You ask for a sprawling city with 4 foot tall structures (external), without the ability to dig to increase the internal height.
Whether it is plausible
As some have indicated in comments and other answers, people tend to live inside their homes, and as such they are constructed to fit people, and typically people will try to improve things past basic utility into comfort. In any culture you have a number of contributing factors such as security, tradition, and economics. We need to tweak these factors to produce an environment conducive to the maintain the status quo of tiny buildings.
But before we start in on those factors I'd like to start with two points:
- If you only retreat to your personal space to sleep, you do not need a lot of head room.
- The primary requirement for any shelter is not for comfort, but for protection from the elements. Small buildings will satisfy this basic need as well as (or in some environments even better than) taller ones.
Today, we have a sprawling city of four foot tall buildings, where the average adult can see very long distance in all directions. Most who live here today do not question it, for it has always been this way, but how did we get here to begin with?
Stepping back many many generations before any trade routes run through the area. We find a vast and barren wasteland of wind scoured granite fields resulting from a catastrophic natural (or magical if your world allows it) disaster. At the center of the stone fields we find some grand awe inspiring natural landmark formed as a result of the same event.
The first settlers in the area are ascetic monks come to worship at the landmark. They build their shelters with the minimal and poor quality natural resources available locally. Although the tiny hovels they can manage push the limits of their resources material strength (built any taller or any wider, the structures collapse under their own weight) they fit perfectly with the monks' lifestyles of self denial providing only shelter from the sun and wind.
Time passes and the environment begins to recover from the disaster, enabling it to support a larger population. Along with this recovery, the community grows, and as it does it becomes more formalized. Higher quality materials are retrieved to build more durable replacements for the original structures as well as additional ones for new arrivals; however, the mold has been struck for what is expected of the supplicants, and the replacements are no larger than the originals.
More generations pass and the site draws the attention of others. The now well organized Order of the Landmark grows rich on the gifts brought by pilgrims which travel great distances to visit the now Holy Landmark.
Given the benefit of time and the care (and prosperity) of the Monks of The Order the area immediately surrounding The Landmark has recovered as much as can be expected from the disaster has become quite a pleasant place to live. With the exception of the middle of the day when the sun is highest in the sky, the climate is perfect to support a culture where people live the majority of their lives outdoors.
The riches and the pilgrims attract merchants and other residents to support the local tourist industry but The Order is still in control and issues an edict that "No permanent structure may obstruct the view of the Holy Landmark".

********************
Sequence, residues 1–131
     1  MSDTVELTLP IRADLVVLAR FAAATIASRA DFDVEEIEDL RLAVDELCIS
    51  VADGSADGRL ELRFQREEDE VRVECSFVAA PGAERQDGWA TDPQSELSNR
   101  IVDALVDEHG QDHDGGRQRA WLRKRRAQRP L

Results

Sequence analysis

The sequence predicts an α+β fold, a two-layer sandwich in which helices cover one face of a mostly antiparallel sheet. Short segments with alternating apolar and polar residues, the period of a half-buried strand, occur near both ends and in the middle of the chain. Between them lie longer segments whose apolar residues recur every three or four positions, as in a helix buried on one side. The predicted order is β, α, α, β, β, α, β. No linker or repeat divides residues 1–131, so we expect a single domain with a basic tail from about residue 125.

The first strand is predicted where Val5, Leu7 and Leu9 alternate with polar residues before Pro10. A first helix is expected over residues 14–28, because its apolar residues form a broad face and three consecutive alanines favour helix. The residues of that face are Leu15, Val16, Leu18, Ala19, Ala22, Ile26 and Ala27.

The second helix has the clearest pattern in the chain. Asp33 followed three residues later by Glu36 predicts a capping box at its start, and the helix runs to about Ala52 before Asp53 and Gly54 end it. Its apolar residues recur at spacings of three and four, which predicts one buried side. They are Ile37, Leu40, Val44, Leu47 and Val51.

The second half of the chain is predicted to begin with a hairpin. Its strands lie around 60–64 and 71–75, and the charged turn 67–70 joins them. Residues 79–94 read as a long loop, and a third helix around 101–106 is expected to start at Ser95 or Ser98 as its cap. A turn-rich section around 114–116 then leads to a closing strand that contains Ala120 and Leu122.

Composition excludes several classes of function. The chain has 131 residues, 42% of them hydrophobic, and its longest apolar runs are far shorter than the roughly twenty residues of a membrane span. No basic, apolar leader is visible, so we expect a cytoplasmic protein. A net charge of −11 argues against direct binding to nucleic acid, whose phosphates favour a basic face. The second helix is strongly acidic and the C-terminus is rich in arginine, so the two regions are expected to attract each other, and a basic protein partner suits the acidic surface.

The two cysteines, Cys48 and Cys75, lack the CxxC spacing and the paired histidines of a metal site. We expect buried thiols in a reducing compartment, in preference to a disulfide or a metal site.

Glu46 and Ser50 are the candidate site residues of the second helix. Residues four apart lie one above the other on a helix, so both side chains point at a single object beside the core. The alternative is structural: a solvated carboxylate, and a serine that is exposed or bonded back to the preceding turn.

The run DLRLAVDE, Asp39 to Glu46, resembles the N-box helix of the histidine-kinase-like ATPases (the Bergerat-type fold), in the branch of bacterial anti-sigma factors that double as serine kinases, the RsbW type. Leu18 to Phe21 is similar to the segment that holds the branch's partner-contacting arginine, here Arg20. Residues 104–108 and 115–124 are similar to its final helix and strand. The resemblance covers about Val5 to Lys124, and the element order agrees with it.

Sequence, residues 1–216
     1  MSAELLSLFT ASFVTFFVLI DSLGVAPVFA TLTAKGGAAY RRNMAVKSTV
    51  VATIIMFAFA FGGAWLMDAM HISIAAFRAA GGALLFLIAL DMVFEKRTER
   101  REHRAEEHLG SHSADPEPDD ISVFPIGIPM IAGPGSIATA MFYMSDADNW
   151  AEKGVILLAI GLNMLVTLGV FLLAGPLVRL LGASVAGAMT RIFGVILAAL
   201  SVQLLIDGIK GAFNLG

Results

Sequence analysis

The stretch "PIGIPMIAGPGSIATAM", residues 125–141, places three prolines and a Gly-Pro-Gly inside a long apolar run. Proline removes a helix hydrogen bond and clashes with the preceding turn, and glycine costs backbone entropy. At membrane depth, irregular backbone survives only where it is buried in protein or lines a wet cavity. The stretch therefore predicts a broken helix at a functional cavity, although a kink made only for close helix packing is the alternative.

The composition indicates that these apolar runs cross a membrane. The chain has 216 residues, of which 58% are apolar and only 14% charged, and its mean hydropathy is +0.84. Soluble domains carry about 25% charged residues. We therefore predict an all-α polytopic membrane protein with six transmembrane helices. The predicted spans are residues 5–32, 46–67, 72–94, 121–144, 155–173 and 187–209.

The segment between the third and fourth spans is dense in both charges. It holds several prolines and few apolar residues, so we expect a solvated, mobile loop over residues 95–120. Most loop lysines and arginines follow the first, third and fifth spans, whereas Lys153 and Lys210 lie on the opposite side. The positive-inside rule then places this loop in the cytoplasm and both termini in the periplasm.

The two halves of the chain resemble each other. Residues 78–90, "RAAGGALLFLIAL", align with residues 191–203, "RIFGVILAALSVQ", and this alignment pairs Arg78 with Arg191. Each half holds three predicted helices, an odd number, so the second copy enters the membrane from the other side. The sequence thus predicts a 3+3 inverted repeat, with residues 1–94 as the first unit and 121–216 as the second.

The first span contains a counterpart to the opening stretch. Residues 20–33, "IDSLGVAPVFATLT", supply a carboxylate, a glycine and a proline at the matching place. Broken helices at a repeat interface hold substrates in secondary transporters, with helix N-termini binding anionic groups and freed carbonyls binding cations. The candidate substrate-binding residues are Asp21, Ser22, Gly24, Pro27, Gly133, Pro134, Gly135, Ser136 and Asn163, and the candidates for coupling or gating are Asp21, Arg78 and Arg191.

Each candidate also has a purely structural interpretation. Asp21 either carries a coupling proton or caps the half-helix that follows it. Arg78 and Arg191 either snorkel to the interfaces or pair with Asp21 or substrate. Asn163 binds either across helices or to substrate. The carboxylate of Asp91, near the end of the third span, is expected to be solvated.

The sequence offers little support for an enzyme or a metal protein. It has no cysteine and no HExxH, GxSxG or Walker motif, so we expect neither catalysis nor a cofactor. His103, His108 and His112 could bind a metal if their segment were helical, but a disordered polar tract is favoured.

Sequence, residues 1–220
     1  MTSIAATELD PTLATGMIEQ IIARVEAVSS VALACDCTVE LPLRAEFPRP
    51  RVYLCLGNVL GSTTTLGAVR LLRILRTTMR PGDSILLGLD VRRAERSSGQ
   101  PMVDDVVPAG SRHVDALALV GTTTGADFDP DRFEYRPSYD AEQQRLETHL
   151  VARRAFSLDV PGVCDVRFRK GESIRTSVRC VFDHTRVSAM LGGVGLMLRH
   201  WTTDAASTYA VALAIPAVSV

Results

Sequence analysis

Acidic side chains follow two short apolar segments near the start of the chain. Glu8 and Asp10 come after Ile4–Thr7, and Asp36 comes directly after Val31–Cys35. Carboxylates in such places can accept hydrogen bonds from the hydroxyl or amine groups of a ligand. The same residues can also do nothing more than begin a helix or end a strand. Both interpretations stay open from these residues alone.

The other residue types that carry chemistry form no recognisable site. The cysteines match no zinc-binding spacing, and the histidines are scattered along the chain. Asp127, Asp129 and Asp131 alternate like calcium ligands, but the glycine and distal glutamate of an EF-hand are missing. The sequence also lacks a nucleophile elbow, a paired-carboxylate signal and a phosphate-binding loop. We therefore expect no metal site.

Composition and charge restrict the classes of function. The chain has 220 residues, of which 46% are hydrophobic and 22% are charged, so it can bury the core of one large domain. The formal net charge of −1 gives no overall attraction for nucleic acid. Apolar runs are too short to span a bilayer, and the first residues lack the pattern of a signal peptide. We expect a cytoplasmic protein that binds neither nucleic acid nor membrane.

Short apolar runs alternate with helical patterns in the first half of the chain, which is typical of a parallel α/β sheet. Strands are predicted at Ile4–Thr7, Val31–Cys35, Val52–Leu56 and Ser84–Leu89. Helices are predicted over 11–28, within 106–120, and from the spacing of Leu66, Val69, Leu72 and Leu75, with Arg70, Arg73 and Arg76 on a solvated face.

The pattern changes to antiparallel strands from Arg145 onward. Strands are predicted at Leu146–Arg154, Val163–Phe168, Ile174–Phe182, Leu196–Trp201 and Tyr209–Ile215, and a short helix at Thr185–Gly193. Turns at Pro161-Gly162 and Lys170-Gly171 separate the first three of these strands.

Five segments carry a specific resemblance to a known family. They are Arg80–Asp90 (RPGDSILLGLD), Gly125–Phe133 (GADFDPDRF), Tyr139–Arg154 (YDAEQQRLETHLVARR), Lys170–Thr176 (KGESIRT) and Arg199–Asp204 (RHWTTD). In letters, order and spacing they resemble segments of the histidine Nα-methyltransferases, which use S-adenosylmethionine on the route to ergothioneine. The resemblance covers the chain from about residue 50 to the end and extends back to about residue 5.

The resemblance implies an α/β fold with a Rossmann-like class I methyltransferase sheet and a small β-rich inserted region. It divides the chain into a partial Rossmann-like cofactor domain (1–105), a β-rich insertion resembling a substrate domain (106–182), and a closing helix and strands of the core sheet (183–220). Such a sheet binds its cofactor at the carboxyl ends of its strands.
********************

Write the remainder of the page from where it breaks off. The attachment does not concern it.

Although not an explicit height restriction, the practical result of the edict limits the height of buildings to below eye level of the average high ranking monk.
As the city is the center of travel for the faithful from all directions, it naturally becomes a major center of commerce as well and The Order further enriches itself on taxes from trade.
Centuries of tradition enforced by the city's primary resident results in a society where most 'private residences' are limited to smaller sleeping quarters with most day to day activity taking place outdoors. Kitchens and areas where work is done will most likely be completely open air, or built to allow pop-up tent like roofs.
So why not down?
The entire settlement is built pretty much directly on bedrock. Digging into the stone is possible, and it will happen, but for most people it is not economical to do so to gain a little extra head room you don't need anyway.
That said, some digging will be required. Gutters and sewers become necessary to carry away human waste with settlements of any reasonable size to avoid disease.
Perhaps the city is littered with public outhouses (or trenches anyway), but these still need to lead somewhere.
Beyond public utility work like the sewers digging where it does happen will be for the homes of the wealthy, or for shared indoor community space where the benefit of the effort is shared by many.
Center of Trade?
As with the need for sewers, here your restriction against any digging becomes a problem which is likely to prevent it from becoming a center of trade.
Trade means product. Which means storage. More trade means more product and more storage. Which means warehouses. No sensible person is going to want to deal with warehouses with a 3 to 3 &1/2 foot interior. It would be impossible to store or retrieve anything efficiently. Trade is one of those areas where economies of scale really impacts things, and the height restrictions literally prevent any scale here.
If the height restriction stands, then warehouses will have to be one of the exceptions to the no digging rule for the city to become a trade center. Otherwise the warehouses will be built outside the city, along with the offices and businesses that handle the trade as well as the homes of the merchants themselves, and the people that work for them etc, etc. All forming perhaps a sister city to yours, but that city would become the center of trade and reap the direct benefits and riches associated with it.